Learn how the Johns Hopkins School of Medicine created a 6-pronged approach to address resident and fellow burnout.
More than 1200 resident physicians and clinical fellows work in the clinical sites of the Johns Hopkins School of Medicine. Johns Hopkins undertakes a regular system-wide safety culture survey, and these data showed that approximately half of the trainees experience symptoms of burnout. Leaders of the Office of Graduate Medical Education (GME) recognized that a multi-pronged initiative was crucial to improving well-being and reducing burnout. A needs assessment of residency and fellowship program directors and program coordinators found they needed more wellness programming.
The first step was to review the literature and perform an internet search to identify current GME well-being programs. The article “Executive Leadership and Physician Well-being: Nine Organizational Strategies to Promote Engagement and Reduce Burnout” was instrumental in determining what strategies to include in a multi-pronged wellness initiative.1 The planning also incorporated input from residents, fellows, and faculty physicians from multiple training programs—the initiative launched to reduce resident and clinical fellow burnout.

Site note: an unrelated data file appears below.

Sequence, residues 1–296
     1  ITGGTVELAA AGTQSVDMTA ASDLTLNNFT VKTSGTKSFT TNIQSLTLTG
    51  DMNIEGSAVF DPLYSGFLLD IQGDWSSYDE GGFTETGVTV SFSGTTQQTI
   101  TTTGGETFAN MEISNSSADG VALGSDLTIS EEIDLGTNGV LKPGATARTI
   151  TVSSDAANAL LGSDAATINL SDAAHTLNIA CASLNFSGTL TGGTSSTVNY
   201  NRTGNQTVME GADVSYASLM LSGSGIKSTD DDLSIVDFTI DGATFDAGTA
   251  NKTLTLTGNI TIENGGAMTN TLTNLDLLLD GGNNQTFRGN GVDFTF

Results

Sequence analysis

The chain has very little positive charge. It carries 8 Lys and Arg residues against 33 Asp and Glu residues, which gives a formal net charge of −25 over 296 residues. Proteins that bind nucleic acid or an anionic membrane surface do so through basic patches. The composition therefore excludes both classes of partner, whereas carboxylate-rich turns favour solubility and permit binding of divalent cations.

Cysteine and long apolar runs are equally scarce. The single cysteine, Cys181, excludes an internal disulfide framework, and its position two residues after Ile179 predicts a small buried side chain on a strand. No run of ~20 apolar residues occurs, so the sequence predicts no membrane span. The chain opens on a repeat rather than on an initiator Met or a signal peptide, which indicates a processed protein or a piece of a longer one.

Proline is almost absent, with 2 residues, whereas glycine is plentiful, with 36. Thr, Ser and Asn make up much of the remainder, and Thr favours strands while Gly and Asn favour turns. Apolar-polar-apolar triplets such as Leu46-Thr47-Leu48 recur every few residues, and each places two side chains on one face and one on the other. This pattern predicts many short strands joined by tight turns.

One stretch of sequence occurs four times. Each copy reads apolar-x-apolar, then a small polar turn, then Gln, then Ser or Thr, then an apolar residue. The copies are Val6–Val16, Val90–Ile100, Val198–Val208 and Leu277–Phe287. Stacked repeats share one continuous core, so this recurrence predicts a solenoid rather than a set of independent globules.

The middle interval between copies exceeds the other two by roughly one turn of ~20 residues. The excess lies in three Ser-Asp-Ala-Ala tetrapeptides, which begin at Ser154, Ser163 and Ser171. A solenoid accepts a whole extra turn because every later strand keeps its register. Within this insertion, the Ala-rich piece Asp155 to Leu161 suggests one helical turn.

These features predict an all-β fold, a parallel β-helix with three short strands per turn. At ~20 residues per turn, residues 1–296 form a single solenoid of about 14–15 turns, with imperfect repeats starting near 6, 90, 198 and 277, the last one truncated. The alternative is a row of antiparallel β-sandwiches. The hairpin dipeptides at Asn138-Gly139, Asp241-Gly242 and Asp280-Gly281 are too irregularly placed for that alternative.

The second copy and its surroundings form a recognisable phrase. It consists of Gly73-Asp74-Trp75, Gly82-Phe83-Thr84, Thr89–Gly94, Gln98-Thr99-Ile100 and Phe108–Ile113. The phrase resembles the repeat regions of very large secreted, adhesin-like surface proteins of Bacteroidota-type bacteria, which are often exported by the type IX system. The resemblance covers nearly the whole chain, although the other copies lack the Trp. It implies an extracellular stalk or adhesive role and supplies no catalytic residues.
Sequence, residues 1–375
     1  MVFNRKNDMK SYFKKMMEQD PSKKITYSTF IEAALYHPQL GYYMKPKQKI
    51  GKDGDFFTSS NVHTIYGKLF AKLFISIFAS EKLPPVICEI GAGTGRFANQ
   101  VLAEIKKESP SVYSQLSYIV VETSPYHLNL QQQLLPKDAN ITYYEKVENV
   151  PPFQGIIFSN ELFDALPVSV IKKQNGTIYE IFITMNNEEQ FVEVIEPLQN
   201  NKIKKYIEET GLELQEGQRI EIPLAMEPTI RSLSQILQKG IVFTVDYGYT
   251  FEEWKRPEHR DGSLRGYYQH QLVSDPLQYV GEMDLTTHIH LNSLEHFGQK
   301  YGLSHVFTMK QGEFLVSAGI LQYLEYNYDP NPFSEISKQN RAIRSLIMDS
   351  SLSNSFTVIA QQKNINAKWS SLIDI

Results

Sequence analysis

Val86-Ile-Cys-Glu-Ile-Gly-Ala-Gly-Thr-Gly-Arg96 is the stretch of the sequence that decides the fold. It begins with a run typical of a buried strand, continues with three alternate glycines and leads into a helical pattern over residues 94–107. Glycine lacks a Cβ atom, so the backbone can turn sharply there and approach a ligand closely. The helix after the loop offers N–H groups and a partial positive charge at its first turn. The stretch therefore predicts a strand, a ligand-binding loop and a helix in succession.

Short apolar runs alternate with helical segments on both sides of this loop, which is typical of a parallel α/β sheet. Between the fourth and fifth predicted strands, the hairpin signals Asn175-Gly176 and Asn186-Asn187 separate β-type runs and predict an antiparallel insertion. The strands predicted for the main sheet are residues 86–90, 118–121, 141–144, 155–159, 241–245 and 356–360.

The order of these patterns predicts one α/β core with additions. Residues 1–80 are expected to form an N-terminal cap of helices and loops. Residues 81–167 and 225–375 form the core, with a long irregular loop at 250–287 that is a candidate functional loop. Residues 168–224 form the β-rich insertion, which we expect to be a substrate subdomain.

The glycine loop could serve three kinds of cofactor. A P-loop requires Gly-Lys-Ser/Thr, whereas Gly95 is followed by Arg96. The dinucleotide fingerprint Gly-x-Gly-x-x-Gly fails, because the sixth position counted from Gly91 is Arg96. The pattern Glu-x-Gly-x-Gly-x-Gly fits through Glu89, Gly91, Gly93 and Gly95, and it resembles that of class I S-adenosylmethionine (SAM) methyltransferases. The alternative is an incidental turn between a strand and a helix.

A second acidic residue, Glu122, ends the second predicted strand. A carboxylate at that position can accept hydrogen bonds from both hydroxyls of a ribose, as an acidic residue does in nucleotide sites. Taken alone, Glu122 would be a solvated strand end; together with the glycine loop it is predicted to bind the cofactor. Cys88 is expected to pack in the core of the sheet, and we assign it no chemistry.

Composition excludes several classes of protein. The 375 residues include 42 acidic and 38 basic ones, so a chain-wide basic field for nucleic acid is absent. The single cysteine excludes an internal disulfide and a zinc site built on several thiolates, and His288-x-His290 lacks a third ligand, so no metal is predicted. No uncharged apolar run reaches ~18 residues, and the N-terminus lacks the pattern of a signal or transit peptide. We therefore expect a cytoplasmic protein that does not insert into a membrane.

The Johns Hopkins Resident & Fellow Wellness Initiative (the Wellness Initiative) is composed of:
A GME-specific Wellness website that serves as a central repository of information
Wellness programming including weekly “Wellness Wednesdays” events. Events cover pet therapy, yoga, massage therapy, healthy snacks, and reflective writing. There have also been opportunities to attend optional seminars in financial planning for physicians or training on providing peer support and psychological first aid.
Weekly emails titled “Wellness Matters” sent to all trainees and program directors to raise awareness of activities and resources
A GME-wide Wellness Committee
Promotion of faculty role modeling and coaching to foster resilience and thriving in medicine
Outreach to clinical and educational leaders to emphasize the importance of identifying trainees at risk for depression or suicide